“And then just asking him, he said he kind of just felt his knee almost buckle and kind of heard like a pop or a snap.  He didn’t know if it was bones or a tear, but he couldn’t straighten it, couldn’t walk.

“I feel awful for him.”

Baker’s comeback from multiple surgeries including Tommy John surgery on his elbow, began in 2012 after seven years off the tour.

“Pretty good quality first set, I thought, ” Querry said.  “We exchanged a couple breaks early, maybe a little sloppy those two games.  Then I had a break at 4‑All; he played an unbelievable point and hit a great pass.

“He was playing great.  I mean, those courts are fast.  You can kind of catch up to the return and hit through the court.  He was playing well, and, you know, I was hoping to come back and, you know, just such a bummer for him.”

The 27-year-old from Tennessee ranked 57 in the world who won his first match at the Australian Open on Monday, made the Round of 16 at Wimbledon last year.

Querrey moves into the third round where he will meet Stanislas Wawrinka.

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Baker Sails through

FLUSHING MEADOWS, NY – The last time Brian Baker won a match at the US Open it was 2005. Since then Baker has been on the road back to tennis, battling injuries, surgeries until his comeback a few months ago.

The man from Nashville, won his second career match at the US Open seven years since the first moving past Czech Jan Hajek 6-3, 6-4, 6-2 on Wednesday.

“I think just being older and, you know, knowing how easy the game was taken away from me, said Baker. It’s very easy to appreciate it a lot.  I don’t take anything for granted.

 

“I remember several years watching it on TV wishing I was here, so just to be here is an awesome feeling.  And then at the same time, the competitive side kicks over and I want to do really well.

“I had some nerves,” said Baker.  “I don’t think it was probably the prettiest match ever.  A win is a win.  I felt like when I needed to I played well.  I’m not sure exactly the break point stats, but I know I didn’t get broken and was probably pretty high percentage on my conversion rate.”

Baker began the year with a ranking of 458th in the world and now he’s at 70.

“It’s always exciting to play the Open, said Baker, “but that was another sense of just pride knowing I had done it on my own.  I hope to be able to play several more US Opens, but I don’t take any of them for granted.

“My mind is in the present right now, and I still have a long way to go this next couple of weeks.”

Next up for Baker is Janko Tipsarevic of Serbia. Tipsarevic needed to rally from two sets down to get past Frenchman  Guillaume Rufin of France 4-6, 3-6, 6-2, 6-3, 6-2.

http://youtu.be/wNHjfo4etXY

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Baker Continues Dream run from Qualies to the Round of 16

WIMBLEDON – The clock has not yet struck midnight for American Brian Baker who has made a surprising comeback to the tour, after being away from years due to surgeries. Baker who had qualify to play Wimbledon has made it through the qualifying tournament to the round of 16 with a 6‑4, 4‑6, 6‑1, 6‑3 victory over Benoit Paire on Saturday at Wimbledon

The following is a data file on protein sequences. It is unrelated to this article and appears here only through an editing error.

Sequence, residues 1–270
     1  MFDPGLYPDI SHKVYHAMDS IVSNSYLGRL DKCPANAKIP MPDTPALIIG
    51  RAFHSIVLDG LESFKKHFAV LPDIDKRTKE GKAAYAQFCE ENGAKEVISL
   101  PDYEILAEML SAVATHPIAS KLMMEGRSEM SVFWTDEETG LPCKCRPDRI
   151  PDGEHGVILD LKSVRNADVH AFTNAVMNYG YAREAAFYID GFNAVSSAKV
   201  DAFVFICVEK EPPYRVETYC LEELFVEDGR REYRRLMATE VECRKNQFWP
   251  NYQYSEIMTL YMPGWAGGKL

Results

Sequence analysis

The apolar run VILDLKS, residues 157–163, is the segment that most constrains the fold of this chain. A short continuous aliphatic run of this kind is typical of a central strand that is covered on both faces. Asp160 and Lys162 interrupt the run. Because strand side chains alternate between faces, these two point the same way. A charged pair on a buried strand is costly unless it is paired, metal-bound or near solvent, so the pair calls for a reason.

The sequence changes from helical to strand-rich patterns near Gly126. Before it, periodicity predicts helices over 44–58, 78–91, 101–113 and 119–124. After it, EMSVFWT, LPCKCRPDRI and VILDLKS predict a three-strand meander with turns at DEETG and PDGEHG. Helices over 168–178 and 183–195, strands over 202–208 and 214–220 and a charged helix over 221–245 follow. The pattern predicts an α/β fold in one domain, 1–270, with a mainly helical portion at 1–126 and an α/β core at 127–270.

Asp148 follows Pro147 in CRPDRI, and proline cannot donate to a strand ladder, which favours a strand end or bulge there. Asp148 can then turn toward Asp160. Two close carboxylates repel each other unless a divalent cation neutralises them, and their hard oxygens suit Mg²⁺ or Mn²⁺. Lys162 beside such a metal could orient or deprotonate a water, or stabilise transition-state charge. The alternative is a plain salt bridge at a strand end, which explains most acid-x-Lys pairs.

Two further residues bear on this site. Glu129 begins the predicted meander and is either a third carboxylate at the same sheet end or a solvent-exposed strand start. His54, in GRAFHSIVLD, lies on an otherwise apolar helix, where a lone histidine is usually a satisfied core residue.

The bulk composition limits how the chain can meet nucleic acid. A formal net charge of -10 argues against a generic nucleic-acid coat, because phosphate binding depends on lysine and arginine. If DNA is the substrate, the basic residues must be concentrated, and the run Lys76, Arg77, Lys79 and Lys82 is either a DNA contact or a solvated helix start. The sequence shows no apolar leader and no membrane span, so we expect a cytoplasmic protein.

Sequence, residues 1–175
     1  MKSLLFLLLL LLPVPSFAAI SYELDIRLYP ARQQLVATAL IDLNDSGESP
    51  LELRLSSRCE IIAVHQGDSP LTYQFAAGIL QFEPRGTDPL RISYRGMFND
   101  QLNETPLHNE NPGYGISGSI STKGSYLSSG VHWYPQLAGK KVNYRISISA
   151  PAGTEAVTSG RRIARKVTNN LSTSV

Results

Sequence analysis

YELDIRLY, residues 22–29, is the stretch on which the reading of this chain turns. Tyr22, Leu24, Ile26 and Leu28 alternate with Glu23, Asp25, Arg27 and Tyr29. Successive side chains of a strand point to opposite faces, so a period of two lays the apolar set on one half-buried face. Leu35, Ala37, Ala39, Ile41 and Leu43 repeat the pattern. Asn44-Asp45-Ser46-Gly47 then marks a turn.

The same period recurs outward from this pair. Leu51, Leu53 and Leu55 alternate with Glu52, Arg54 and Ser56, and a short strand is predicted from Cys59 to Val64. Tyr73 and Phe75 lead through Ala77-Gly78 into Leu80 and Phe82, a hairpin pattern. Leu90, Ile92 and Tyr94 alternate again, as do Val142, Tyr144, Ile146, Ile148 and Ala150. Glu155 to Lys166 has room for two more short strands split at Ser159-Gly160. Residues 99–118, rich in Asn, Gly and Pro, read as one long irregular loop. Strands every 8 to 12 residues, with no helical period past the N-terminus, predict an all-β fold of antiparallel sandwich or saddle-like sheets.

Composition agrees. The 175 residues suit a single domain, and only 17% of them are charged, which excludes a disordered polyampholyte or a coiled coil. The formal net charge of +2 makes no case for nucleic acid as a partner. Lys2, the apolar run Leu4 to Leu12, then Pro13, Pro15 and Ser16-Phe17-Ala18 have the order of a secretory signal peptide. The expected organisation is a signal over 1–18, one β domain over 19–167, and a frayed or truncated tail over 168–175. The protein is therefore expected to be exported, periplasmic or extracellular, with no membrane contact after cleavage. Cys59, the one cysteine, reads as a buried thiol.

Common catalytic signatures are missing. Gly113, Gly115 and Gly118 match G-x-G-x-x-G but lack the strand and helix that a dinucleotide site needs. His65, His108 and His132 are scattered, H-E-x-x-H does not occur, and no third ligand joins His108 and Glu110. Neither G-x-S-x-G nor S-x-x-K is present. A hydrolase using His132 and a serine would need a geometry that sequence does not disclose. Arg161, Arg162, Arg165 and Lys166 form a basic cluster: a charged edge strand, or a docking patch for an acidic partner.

“It’s been unreal,” Baker said of his current run from playing Challengers to making his charge to the round of 16 at Wimbledon.  “When I’m on the court I know I definitely have nerves.  Closing out the match you definitely know what’s on the table, what you can accomplish.

“I mean, I missed a few shots at the end that I probably wouldn’t miss if it was the quarters of a challenger and not trying to get to the round of 16 at Wimbledon.

“It is crazy kind of what’s going on.  But I’m still trying to stay focused on the task at hand and not get too wrapped around.

“Because once you do that, I think it’s tough to be able to play your best tennis once you’re happy that you’ve been there.  So I’m trying to every match go in there hungry and try to win the next one instead of, I’m in the Round of 16 of Wimbledon; this is awesome.

“I think it’s great when you can play on any of the biggest courts at each of the Grand Slams,” said Baker.  “I’ve played at Louis Armstrong at the Open; I’ve played now Chatrier at the French; haven’t played the Australian yet.

“I think it’s awesome anytime you can go out and play on one of those courts just because not that many people in the world get to do that.

If I ever get a chance to play on it, it would be great.  I don’t know when I was watching the tennis at that time.  I guess I was probably in the middle of recovering from one or another surgery.  I don’t know if I was thinking, I’m going to be playing right there.

“Ever since a child, I’ve always dreamed it would be great to play on Centre Court at Wimbledon.

Baker will go up against 27th seed Philipp Kohlschreiber on Monday.

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Notes and Quotes from Day 4 of the 2012 French Open

Brian Baker

 

On playing 10 matches in 12 days:

Ah, I mean, yeah.  My body is definitely feeling it.  I don’t know if that was the sole reason I lost 6‑0 in the fifth.

But, yeah, I was definitely a little bit sore and the shoulder was bothering me a little bit in the fifth.

But, you know, I had some chances the first two games.  Didn’t get it.  He played well for a few games.  I played poor for a few games.  It kind of happened.

I think when I get back to the hotel room at night, it kind of sinks in a little bit.  I can understand maybe that I’m accomplishing some pretty cool things right now.